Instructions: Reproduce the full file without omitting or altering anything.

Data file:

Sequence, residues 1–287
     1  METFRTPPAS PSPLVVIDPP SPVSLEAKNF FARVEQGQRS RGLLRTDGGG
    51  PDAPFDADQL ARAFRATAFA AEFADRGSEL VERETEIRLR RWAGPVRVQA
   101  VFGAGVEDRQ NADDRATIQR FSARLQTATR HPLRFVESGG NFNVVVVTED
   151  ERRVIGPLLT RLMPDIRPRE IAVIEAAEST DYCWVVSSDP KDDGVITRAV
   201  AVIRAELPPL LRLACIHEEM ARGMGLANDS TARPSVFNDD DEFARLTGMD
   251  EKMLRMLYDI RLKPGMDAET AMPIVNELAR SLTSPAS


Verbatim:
Sequence, residues 1–287
     1  METFRTPPAS PSPLVVIDPP SPVSLEAKNF FARVEQGQRS RGLLRTDGGG
    51  PDAPFDADQL ARAFRATAFA AEFADRGSEL VERETEIRLR RWAGPVRVQA
   101  VFGAGVEDRQ NADDRATIQR FSARLQTATR HPLRFVESGG NFNVVVVTED
   151  ERRVIGPLLT RLMPDIRPRE IAVIEAAEST DYCWVVSSDP KDDGVITRAV
   201  AVIRAELPPL LRLACIHEEM ARGMGLANDS TARPSVFNDD DEFARLTGMD
   251  EKMLRMLYDI RLKPGMDAET AMPIVNELAR SLTSPAS